Social media newsgathering and verification are no longer novel practices in the newsroom. But even if publishers now have a person or a team of reporters tasked with monitoring conversations on these platforms and verifying their accuracy, there have still been instances of fake rumours or misrepresented facts spreading online when news breaks.
A team of researchers, developers and journalists is hoping to solve this through the EU-funded project Pheme, an open-source dashboard they are currently building to help newsrooms detect, track and verify facts and claims the moment they start spreading on Twitter.
The project, which began in January 2014, aims to be completed early next year, when a working prototype should be made available to the public. Its name references Pheme, the Greek goddess of fame and rumours.
The team developing Pheme includes University of Sheffield, King's College London, University of Warwick, Saarland University in Germany, MODUL University Vienna, Ontotext AD in Bulgaria, Atos Spain SA, iHub Ltd in Kenya, and SWI swissinfo.ch, a ten-language news platform from the Swiss Broadcasting Corporation.
The idea for Pheme first came about when a group of academics at the University of Warwick were examining the social media conversations during the 2011 riots in England, explained SWI swissinfo's Geraldine Wong Sak Hoi, who works on the project.
"Professor Rob Procter at Warwick University was actually involved in a project with the Guardian and the London School of Economics called 'Reading the riots', where they tried to chart the evolution of social media claims and verify the rumours they were able to find about what was going on in various cities such as London.
"What they identified is that during major breaking news events, a lot of people will go to Twitter to try to find out what's going on, but also to contribute to what's happening.
"At the time, plenty of people believed the London Eye was on fire for example, so how do we solve that problem for journalists and for anyone who is interested in getting the facts?"
The Pheme dashboard uses natural language processing (NLP) to analyse social media messages and develop algorithms that will identify trends and patterns in the discussions, and ultimately whether or not they are true.
The user will be able to search through specific news events by keyword, author or location, and Pheme will display the results from Twitter, evaluating in real-time how likely they are to be true based on a variety of factors.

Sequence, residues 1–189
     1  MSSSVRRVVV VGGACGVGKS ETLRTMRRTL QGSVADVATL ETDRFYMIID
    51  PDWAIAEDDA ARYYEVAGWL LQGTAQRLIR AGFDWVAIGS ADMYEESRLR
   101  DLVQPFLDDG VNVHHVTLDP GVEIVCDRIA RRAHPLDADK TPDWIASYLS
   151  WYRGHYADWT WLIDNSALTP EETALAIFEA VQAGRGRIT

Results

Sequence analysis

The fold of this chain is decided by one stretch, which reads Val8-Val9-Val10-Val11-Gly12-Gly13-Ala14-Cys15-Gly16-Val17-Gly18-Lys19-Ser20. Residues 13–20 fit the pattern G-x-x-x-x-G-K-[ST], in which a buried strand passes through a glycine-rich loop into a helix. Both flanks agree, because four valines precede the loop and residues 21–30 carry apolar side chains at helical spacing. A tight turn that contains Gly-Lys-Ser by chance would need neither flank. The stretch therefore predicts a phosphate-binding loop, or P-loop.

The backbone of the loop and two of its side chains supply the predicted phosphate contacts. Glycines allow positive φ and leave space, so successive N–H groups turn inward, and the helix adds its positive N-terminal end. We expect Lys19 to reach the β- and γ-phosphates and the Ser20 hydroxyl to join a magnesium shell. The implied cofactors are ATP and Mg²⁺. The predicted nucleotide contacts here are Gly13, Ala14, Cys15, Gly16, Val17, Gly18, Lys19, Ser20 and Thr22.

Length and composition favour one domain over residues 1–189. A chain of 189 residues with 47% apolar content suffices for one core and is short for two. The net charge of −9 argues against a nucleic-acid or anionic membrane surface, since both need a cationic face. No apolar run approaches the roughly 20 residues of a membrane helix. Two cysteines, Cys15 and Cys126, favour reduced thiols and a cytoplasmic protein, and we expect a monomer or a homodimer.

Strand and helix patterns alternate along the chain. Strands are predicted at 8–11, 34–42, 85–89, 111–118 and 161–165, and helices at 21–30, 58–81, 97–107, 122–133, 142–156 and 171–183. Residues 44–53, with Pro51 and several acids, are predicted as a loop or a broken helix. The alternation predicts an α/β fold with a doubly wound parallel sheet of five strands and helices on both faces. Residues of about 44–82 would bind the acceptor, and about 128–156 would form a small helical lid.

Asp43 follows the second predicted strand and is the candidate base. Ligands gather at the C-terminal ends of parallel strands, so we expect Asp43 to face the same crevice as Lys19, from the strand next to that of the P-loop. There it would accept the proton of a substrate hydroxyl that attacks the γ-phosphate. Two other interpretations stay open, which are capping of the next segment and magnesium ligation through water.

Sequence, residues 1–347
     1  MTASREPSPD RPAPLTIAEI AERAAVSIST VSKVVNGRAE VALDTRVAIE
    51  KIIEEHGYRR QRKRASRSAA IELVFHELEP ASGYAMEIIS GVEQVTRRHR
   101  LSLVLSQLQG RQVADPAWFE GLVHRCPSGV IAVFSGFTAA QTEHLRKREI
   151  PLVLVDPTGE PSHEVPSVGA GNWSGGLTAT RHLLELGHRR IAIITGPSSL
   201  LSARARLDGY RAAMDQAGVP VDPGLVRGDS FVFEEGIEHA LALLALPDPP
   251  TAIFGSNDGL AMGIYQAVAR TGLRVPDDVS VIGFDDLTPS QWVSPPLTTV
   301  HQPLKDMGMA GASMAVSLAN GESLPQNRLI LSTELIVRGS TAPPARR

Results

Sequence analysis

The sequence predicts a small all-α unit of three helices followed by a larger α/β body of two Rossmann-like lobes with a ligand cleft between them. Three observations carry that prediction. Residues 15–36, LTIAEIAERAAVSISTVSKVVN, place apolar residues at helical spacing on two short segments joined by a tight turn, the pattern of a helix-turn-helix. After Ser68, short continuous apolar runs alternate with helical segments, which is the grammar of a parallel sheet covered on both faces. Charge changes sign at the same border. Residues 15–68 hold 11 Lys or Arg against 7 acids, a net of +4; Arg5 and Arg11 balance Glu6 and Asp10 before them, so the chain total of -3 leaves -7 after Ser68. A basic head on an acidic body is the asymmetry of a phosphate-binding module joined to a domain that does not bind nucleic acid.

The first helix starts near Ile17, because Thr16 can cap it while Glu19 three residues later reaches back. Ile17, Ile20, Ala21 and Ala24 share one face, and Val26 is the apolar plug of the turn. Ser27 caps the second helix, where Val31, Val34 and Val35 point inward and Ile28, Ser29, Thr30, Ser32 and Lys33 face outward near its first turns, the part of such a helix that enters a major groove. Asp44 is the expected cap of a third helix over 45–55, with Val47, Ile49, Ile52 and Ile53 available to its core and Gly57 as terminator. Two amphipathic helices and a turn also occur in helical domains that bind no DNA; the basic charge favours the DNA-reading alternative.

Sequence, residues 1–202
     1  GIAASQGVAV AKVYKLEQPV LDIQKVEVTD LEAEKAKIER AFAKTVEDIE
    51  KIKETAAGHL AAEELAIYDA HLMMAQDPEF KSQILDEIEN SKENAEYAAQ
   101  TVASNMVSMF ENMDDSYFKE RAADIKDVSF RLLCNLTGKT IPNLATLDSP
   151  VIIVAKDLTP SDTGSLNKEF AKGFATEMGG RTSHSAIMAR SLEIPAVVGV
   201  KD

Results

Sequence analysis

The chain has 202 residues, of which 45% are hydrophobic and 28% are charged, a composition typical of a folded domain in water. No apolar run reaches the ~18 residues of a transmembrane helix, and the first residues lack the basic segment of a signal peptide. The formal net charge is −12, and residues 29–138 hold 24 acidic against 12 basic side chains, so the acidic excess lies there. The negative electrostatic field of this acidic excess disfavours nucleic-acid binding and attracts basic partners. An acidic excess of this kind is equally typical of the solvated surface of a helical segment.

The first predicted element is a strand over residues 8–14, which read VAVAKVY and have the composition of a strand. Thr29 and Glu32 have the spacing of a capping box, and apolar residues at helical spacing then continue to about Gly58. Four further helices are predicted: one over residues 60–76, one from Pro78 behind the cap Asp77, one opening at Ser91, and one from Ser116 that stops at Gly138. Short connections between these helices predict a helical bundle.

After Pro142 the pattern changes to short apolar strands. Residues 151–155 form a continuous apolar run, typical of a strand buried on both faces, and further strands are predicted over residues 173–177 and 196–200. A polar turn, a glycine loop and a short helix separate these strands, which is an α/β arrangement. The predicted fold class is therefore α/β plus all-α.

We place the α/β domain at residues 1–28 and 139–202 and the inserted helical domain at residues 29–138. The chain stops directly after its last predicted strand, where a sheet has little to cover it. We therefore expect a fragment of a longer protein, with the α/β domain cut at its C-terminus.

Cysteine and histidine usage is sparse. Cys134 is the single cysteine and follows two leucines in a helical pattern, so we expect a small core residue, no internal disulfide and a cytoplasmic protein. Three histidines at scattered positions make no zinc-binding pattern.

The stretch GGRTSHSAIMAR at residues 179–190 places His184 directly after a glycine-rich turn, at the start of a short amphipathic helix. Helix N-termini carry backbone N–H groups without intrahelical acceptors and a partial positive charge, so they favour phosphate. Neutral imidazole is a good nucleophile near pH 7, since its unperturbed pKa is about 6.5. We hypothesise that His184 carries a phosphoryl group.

"We have a set of past rumours, which are annotated manually by journalists as to whether they are true, false, or unconfirmed," Kalina Bontcheva, senior researcher in the department of computer science at University of Sheffield, told Journalism.co.uk via email.
"Each of the tweets pertaining to a rumour is annotated as supporting, denying, or questioning that rumour, such as that the London Eye was on fire during the London riots.
"NLP methods are then used to identify automatically linguistic information such as negations and positive or negative sentiment words, names of people, locations, and organisations, as well as part of speech information and basic sentence structure. In addition, we take into account whether a tweet contains emoticons, URLs, and hashtags."
Once the tweet author's position in regards to the claim has been established, and information about them has also been extracted, an algorithm will attempt to determine the tweet's overall veracity.
"This may not always be possible with high confidence, in which case, the journalists themselves can make that judgement based on the automatically collected evidence," Bontcheva said.
Based on this material, Pheme will also have an indicator of trustworthy accounts, based on manually curated lists of Twitter users, such as scientists and journalists.
However, because a person starting a rumour may not have been previously involved in a similar activity, it can be tricky to provide a definite list, Bontcheva added, so the team is now considering whether this data should be provided as part of the public prototype at the end of the project.
A working prototype of the dashboard will be released internally by the team at the end of June, to be tested by SWI swissinfo. It will ultimately be free for individuals or news organisations, but the creators are considering potential paid-for features.
Free daily newsletter
- How to collect, organise and showcase your work in one place, without paying a penny
- The Washington Post starts using Talk, an open-source tool for improving online comments
- Reuters Institute report highlights UK readers' behaviours on desktop when news breaks, and the 3 news brands that come on top
- In Norway, four newsrooms are working together to produce and share fact-checks
- Tip: Make use of these resources for community building